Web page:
“She looks like Malibu Barbie and sounds equally as dumb. Like she is the role model I want for my girls.”
I sat and listened to two women talk at a long, crowded Starbucks table as their young daughters played on an iPad. I tried to focus on my laptop screen, but considering our elbows were practically touching, it was difficult.
“She’s just wretched. And definitely not smart. A total media whore. I’m not sure how she got to where she is today, but I have a feeling it wasn’t always her brains. He probably just hired her because he thought she was pretty.”
I cringed and looked over to the young girls, one intently viewing the screen, the other quietly focused on the two women talking. I knew the discussion centered around Trump aide Kellyanne Conway, a woman I didn’t particularly care for either, but I felt increasingly uncomfortable with just how much centered on the successful woman’s hair color as opposed to her policy viewpoints.
I am a frequent visitor to coffee shops around my town. Most of my work is done alone in front of a computer screen, so I like to get out of the house sometimes and work remotely. If a latte comes with that, so be it.
My satellite office visits are often spent side by side with others working silently on their computers, but sometimes you just can’t help honing in on other’s conversations.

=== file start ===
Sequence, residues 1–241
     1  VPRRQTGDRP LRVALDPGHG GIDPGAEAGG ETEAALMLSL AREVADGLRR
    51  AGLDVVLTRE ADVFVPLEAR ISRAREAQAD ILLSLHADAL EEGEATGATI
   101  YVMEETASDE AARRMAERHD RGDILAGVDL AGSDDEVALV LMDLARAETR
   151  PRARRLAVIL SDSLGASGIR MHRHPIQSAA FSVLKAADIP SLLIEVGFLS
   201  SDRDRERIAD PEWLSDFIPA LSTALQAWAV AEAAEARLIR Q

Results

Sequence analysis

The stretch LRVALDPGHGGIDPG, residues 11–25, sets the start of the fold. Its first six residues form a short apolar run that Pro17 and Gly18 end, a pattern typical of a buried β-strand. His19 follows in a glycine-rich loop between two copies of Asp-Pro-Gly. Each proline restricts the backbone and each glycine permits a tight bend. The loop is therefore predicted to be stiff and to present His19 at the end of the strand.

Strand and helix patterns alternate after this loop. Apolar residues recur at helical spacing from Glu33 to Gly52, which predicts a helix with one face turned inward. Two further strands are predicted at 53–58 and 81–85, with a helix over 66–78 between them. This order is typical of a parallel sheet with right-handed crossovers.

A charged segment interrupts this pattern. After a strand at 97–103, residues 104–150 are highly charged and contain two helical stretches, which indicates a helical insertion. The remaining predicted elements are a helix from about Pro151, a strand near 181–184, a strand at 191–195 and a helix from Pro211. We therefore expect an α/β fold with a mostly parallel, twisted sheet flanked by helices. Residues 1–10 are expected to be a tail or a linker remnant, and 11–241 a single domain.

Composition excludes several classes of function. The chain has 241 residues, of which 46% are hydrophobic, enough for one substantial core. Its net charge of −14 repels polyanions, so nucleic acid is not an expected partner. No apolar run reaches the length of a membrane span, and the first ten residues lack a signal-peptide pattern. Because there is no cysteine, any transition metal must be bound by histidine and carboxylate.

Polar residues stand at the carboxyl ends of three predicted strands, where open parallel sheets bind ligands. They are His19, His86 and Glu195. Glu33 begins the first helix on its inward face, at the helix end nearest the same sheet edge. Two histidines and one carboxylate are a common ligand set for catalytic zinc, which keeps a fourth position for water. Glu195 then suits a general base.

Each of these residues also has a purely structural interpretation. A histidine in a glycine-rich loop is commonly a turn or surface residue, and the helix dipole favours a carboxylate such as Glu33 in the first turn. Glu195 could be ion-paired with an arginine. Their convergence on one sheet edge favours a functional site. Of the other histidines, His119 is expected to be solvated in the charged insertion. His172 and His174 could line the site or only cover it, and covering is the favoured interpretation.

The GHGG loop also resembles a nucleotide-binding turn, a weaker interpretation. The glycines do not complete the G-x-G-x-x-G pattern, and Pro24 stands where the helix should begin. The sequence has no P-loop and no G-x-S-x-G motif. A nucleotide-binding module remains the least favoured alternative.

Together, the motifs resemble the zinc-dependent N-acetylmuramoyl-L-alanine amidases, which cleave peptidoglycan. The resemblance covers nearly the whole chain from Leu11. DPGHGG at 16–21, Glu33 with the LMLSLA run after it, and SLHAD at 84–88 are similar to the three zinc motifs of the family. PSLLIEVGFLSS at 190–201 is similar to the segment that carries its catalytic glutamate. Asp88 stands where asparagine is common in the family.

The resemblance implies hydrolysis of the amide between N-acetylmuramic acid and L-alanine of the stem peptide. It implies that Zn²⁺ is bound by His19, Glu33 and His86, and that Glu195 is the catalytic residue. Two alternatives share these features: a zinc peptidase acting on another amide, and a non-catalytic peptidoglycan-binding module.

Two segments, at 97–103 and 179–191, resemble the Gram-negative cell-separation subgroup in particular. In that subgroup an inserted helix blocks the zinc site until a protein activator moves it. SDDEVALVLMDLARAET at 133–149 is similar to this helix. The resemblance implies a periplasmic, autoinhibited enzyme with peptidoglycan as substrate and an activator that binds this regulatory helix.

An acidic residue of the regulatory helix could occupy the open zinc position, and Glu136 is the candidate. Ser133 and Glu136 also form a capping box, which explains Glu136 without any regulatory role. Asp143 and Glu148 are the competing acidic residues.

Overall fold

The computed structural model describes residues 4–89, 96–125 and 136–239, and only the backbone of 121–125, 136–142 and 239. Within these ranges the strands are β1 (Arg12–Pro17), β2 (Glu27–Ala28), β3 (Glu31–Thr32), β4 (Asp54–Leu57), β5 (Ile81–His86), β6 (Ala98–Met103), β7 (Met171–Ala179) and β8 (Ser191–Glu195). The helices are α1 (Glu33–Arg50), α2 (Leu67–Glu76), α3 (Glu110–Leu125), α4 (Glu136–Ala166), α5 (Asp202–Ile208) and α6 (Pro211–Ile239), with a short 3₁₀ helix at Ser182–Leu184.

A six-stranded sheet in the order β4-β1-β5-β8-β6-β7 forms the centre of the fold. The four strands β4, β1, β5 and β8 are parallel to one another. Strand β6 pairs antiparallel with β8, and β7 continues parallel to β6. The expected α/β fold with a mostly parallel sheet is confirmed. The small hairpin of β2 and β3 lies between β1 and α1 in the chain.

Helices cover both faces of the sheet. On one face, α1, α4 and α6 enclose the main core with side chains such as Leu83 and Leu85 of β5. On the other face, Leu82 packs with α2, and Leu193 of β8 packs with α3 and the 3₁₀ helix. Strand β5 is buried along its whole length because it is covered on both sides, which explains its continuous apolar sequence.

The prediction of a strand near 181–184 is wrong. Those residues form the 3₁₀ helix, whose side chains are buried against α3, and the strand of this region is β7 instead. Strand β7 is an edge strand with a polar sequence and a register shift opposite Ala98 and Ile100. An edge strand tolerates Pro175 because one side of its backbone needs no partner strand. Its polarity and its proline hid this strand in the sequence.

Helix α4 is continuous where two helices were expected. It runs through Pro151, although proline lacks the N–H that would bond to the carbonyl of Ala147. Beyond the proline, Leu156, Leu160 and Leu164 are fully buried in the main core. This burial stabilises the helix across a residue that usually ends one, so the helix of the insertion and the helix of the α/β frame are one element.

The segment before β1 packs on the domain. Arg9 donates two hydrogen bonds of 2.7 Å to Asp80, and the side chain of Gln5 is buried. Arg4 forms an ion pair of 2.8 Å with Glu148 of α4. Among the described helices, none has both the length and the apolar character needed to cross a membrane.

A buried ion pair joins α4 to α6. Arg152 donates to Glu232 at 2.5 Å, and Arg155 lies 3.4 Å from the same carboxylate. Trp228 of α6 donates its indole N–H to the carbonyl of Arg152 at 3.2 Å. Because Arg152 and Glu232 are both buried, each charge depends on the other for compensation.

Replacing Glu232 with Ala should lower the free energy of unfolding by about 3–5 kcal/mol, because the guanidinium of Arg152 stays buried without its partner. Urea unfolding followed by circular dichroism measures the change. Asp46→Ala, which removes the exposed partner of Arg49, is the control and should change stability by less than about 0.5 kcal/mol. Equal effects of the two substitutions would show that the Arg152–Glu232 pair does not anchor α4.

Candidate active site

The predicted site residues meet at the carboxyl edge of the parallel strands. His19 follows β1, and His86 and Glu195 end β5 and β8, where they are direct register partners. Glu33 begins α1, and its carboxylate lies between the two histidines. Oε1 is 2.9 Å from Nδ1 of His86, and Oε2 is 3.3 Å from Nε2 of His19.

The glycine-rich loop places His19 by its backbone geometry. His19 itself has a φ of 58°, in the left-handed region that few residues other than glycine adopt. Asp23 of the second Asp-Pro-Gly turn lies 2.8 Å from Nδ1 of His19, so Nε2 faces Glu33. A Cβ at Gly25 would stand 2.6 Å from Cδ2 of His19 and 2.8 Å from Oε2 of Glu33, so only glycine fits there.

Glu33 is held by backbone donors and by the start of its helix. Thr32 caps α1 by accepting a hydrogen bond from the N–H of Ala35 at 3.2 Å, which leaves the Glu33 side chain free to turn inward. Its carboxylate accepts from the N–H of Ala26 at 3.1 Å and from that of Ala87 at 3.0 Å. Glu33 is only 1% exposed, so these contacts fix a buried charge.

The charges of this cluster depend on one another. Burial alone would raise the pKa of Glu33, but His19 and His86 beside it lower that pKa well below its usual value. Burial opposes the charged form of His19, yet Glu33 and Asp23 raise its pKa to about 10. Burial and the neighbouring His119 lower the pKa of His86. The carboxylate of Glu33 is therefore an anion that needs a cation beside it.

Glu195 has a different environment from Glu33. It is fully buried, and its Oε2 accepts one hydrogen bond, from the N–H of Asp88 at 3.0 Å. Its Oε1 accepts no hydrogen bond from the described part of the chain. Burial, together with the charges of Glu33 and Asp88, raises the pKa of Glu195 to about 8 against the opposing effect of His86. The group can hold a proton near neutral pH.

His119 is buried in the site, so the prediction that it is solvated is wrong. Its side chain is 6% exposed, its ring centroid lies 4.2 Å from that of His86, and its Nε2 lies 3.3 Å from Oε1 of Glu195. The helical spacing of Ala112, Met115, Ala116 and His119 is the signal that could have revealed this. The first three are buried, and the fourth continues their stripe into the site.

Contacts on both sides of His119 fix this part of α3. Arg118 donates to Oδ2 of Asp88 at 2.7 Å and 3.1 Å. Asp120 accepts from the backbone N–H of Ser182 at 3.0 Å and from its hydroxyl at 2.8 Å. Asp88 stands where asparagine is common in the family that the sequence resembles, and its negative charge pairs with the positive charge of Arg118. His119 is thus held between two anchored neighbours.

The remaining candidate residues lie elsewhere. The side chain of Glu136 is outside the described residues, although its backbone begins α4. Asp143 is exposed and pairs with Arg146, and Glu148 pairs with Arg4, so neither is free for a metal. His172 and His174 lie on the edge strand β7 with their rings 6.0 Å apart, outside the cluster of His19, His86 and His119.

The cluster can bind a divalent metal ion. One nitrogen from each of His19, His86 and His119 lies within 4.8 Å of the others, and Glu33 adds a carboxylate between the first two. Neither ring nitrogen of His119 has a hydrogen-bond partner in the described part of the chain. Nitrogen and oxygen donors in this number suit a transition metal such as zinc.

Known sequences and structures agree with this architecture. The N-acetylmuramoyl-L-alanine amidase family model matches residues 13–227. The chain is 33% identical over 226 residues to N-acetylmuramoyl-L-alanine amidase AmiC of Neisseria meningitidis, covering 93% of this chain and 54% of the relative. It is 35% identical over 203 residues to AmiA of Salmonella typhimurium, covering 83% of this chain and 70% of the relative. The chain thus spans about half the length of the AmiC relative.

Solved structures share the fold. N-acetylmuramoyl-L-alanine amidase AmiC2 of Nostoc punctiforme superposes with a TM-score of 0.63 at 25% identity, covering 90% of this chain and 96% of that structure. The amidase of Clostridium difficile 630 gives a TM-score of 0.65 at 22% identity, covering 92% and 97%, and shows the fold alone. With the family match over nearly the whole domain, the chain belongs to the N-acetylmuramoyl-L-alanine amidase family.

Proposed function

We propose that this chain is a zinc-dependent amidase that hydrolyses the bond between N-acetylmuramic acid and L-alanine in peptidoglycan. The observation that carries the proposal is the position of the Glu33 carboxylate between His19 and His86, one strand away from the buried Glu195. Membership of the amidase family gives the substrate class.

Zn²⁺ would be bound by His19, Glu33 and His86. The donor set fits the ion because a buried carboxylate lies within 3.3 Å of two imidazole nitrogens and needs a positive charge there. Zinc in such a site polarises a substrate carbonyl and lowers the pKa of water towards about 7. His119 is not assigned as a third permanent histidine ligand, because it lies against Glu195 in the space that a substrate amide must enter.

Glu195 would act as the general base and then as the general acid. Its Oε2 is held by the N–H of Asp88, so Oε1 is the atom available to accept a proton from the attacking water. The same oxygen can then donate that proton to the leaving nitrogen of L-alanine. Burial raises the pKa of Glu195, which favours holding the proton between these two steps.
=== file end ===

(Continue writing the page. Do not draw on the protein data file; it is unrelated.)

Like the time when two women with their children playing nicely at their feet called Hillary Clinton a hag and that they hoped she used her free time and all her money from speaking engagements to get a face lift.
Or the time a group of young women waiting in line to order their drinks discussed a female co-worker in their office who they were convinced was sleeping her way to the top. I was in line behind them, and two young teenage girls in Catholic school uniforms and knee socks stood directly in front of them.
Or the time a few years back when I sat at a round table with some girlfriends, and there was a lengthy, uncomfortable discussion about a mom at our school who decided to get a boob job, although it did not turn out well.
“I think she did it because that’s all she has. She’s not very smart, so she has to keep the looks up. And I don’t think she wants to go back to work, so it probably makes her husband happy.”
“Ixnay on the oobnay talk,” I remarked as our kids came downstairs to grab some snacks.
“Whatever,” our host replied. “It’s not like she doesn’t deserve it prancing around the way she does.”
The notion that women are catty and petty to each other is nothing new, but I believe it has moved up a notch the last few months. In the past decade, women have advanced economically and educationally, seen improvements in sexual freedoms and access to health care, experienced political triumphs and increased business success; yet we still criticize individuals looks with such animosity.
And we do so in front of our girls.
We can blame the media for the disproportionate body commodification that occurs.